Developmental Disorders of the Lymphatics

An information blog for disorders of the lymphatics. For all articles, please click on "Archives" - Due to spammers, I will no longer allow comments, sorry.

Monday, December 25, 2006

Cutaneous lymphatic malformations in disappearing bone (Gorham-Stout) disease: A novel clue to the pathogenesis of a rare syndrome.

Cutaneous lymphatic malformations in disappearing bone (Gorham-Stout) disease: A novel clue to the pathogenesis of a rare syndrome.

J Am Acad Dermatol. 2006 Sep 14

Bruch-Gerharz D,
Gerharz CD,
Stege H,
Krutmann J,
Pohl M,
Koester R,
Ruzicka T.
From the Departments of Dermatology.

BACKGROUND: Gorham-Stout disease is an unusual, progressive syndrome of unknown etiology characterized by mono- or polyostotic osteolysis most often affecting children and young adults. The onset is insidious and the disease progresses to extensive and potentially disabling osteolysis often unresponsive to therapeutic intervention. Although bone and soft tissue lesions are the most frequent manifestations of Gorham-Stout disease, skin lesions can occur and may provide a clue to the pathogenesis of this rare syndrome.

OBJECTIVE: Our aim was to describe characteristics of vascular skin lesions of this rare condition using magnetic resonance imaging and histomorphological analysis.

METHODS: The case of a 36-year-old man with Gorham-Stout disease of the left leg and foot is reported.

RESULTS: This case was remarkable for its prominent lymphatic vascular malformations involving the skin and soft tissues adjacent to the diseased bone-a previously undescribed abnormality, which preceded osteolysis for several years. Magnetic resonance imaging played a key role in defining the extent of disease in skin and soft tissues.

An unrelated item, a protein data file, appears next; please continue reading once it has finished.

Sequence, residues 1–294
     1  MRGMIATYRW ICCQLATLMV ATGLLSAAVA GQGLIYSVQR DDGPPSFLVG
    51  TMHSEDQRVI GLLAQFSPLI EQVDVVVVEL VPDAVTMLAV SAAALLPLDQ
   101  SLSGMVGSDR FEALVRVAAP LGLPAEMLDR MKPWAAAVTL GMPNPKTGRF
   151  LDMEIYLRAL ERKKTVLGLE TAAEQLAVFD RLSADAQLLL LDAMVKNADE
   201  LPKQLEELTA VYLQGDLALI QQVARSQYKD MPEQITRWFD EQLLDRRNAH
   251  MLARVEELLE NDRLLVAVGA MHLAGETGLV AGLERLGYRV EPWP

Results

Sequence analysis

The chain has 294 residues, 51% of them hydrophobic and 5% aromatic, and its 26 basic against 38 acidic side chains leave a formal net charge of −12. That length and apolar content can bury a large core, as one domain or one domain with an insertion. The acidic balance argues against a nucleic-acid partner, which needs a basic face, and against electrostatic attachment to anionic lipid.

LIMITATIONS: It is difficult to assess the true incidence of hemangiomatosis in the earlier reports on Gorham-Stout disease in which hemangiomatous cutaneous lesions were mentioned but not described or illustrated.

CONCLUSION: A vascular process with angiomatous histological features is considered to be the pathological hallmark of Gorham-Stout disease, but the specific type of this vascular process is still under debate. Our report highlights a lymphatic malformative nature of Gorham-Stout disease, thereby contributing to a better understanding and characterization of this rare disease entity.

Science Direct

Sunday, December 10, 2006

Hereditary versus Spontaneous Cancer

Hereditary Versus Spontaneous Cancer

By Amy Adams, MS

Reviewed by Miriam Komaromy, MD

Last updated March 26, 2001

Cancers are the result of mutations in genes. However, in hereditary cancer some of these mutations are inherited, and in sporadic cancer of the mutations occurred spontaneously.

Sporadic Cancer

In people with sporadic cancer, certain cells in their body developed mutations that led to cancer.

Most cancers are considered sporadic. In people who have sporadic cancer, they did not inherit cancer-causing mutations from their parents. Instead, certain cells in their body developed mutations that led to cancer. These mutations can be caused by sun (which can lead to skin cancer), exposure to radiation or some chemicals, or even random events within the cell.Cancer-causing mutations generally interrupt the function of genes that either keep the cell dividing at a normal rhythm or prevent mutations from accumulating. It usually takes more than one mutation to cause cancer. But if the first mutation occurs in a gene that repairs or prevents other mutations, then additional changes can quickly accumulate. Eventually, the cell has enough mutations that it begins to divide out of control. When this happens, the cell divides rapidly and forms a mass called a tumor. Only the cells within the tumor contain the spontaneous mutations.Researchers are starting to identify genes that are commonly mutated in sporadic cancers. These studies can tell a doctor important things about how the sporadic cancer develops and how it will respond to treatment. However, finding these genes does not provide any information about a person's hereditary cancer risk or the risk of other members of their family.

Hereditary Cancer

In sporadic cancer, only the tumor cells have mutations. In hereditary cancer, every cell in the person's body has a mutation.